Siri and similar voice recognition applications are mostly cute right now. You can tell Siri you’ve broken up with your sig other and she’ll recommend some bars nearby. That’s the tip of the iceberg though. As Dion Hinchcliffe predicted in early January, “ I also predict that voice will be an increasingly important way to capture participation in social business apps and environments in the near future.” I’m not totally sure what he meant by “capture participation,” but here’s a wishlist of how I’d like to see voice recognition used in the enterprise.
Where will you get your money? After answering questions like “what’s your mission”, that’s typically the next question that non-profit leaders need to think about. For some, the task of raising money is full of fear, uncertainty, late nights, and bad beer. For others, it’s strategic, organized, data-driven, but maybe still filled with bad beer.
To move from the first category (frantic, unorganized) to the second (strategic, planned) is easier than you might imagine, and starts with good data and good people.
Are business cards, rollodex, and even contact lists dead? Last month, R “Ray” Wang interviewed Parker Harris, VP of Technology at SalesForce for his view on the future of enterprise data. Not surprisingly, Parker goes through the regular litany of connecting business and customer, and connecting employees to each other. Nothing new there. But, then he landed on this one gem of a phrase, “the social wallet.” What is it, and what does it mean for your organization?
In an effort to read more, listen more, share the voices of others more, and discuss more, I’m taking a nod from the folks at Headshift and focusing on sharing and curating some of the best links on social business and Enterprise 2.0 each week. Here goes.
- From Traditional Business to Social Business - a thoughtful, concise overview of the core differences between traditional and social businesses. Chistoph makes the case, and I think rightly, that whether businesses like it or not, their consumers are expecting a different kind of value and experience out of their engagement with a brand than just the product. A good primer for social business.
- Why the World Needs Social CRM - using Lutz’s take on “car companies should be run by car people”, Denis Pombriant makes the case that companies need to be financially responsible and customer-centric to survive. I’m not really sure anything has changed, or that social has anything to do with this. There are of course the rare cases like someone at Zappos detecting someone’s tweet about their birthday and proactively calling to make sure the customer would get their order on time. But seriously, being customer-centric is a leadership and cultural issue, not a tool issue. Sorry to disagree here Denis, but good article regardless.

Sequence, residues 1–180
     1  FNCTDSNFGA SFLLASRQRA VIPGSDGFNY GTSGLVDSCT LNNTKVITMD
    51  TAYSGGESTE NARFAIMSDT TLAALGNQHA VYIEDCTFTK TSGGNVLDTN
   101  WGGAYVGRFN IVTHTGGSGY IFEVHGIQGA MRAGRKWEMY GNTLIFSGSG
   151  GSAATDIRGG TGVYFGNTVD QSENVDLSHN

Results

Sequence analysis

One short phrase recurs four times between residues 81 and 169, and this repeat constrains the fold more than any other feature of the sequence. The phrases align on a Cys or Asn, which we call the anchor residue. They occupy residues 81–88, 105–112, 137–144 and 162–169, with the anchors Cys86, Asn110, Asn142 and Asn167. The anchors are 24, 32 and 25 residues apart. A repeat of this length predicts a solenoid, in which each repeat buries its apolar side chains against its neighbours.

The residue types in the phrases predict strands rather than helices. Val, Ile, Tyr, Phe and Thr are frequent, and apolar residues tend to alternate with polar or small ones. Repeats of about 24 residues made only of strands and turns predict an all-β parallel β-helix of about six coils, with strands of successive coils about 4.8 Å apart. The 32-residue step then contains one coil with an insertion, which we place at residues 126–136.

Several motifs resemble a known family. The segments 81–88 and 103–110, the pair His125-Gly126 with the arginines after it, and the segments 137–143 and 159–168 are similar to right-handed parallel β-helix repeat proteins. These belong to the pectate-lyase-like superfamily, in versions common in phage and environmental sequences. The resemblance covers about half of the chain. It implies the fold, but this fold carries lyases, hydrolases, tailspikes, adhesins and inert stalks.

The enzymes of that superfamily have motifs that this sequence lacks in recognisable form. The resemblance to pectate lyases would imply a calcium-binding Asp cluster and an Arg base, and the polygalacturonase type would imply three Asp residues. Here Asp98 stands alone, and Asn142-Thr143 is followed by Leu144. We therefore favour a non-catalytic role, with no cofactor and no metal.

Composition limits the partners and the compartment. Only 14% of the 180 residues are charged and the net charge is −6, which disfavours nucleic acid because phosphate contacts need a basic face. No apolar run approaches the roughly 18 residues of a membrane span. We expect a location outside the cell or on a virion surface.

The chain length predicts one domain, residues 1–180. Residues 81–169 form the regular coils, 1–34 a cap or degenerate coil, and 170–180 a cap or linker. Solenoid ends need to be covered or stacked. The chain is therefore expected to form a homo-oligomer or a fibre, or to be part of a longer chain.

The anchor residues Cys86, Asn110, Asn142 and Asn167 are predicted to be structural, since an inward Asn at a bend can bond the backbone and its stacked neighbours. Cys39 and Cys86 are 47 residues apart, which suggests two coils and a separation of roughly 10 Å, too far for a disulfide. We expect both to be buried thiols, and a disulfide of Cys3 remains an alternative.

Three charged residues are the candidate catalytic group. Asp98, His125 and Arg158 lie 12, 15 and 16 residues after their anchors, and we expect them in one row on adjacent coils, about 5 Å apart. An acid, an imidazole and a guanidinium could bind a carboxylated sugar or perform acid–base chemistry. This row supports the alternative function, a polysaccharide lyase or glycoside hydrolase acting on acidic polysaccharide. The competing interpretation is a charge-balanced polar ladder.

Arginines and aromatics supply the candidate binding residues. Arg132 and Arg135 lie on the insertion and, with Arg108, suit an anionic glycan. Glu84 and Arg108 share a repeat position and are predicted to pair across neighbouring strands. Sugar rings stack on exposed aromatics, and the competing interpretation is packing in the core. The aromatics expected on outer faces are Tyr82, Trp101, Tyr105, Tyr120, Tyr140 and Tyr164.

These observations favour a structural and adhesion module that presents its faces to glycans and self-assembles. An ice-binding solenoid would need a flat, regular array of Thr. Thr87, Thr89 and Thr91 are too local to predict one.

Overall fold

- Measuring the Value of Social Media - great video shared by the folks at Online Behavior focusing on how the behavior and what you should be focusing on is different (or is it?) between web customers and socially connected ones.
- How Iteration-itis kills good ideas - nothing ground shaking here, but a well articulated piece on the value of fostering and cultivating a culture of iteration in your organization/business. There’s a lot of this theme these days.
- Think Quarterly (from Google) - for me the best of the bunch of links this week. Nothing ground breaking in terms of “next steps”, but a really compelling case for how strategic innovation is so important (and can be fostered and fine tuned). Nice work, Google.
In this series, we’ll tackle a range of very-real problems that likely all organizations face, but that are known pain points for non-profits, and their development/fundraising teams in particular.
In this first post, we’ll deal with the issue of data accuracy. Specifically, we’ll address:
- how organizations can get on the the path to effectively breaking down data silos
- how organizations can build systems to easily communicate and centralize data and metrics the organization needs to communicate with the outside world
Prompted by a well-written and fairly comprehensive article by the creator of Box.net about a new generation of Enterprise 2.0 tools, I wanted dive into the topic of selecting the right tool for your organization. This article, part 1 in a series, will address the question of: is the cloud right for me?
An interesting article about non profits and CRM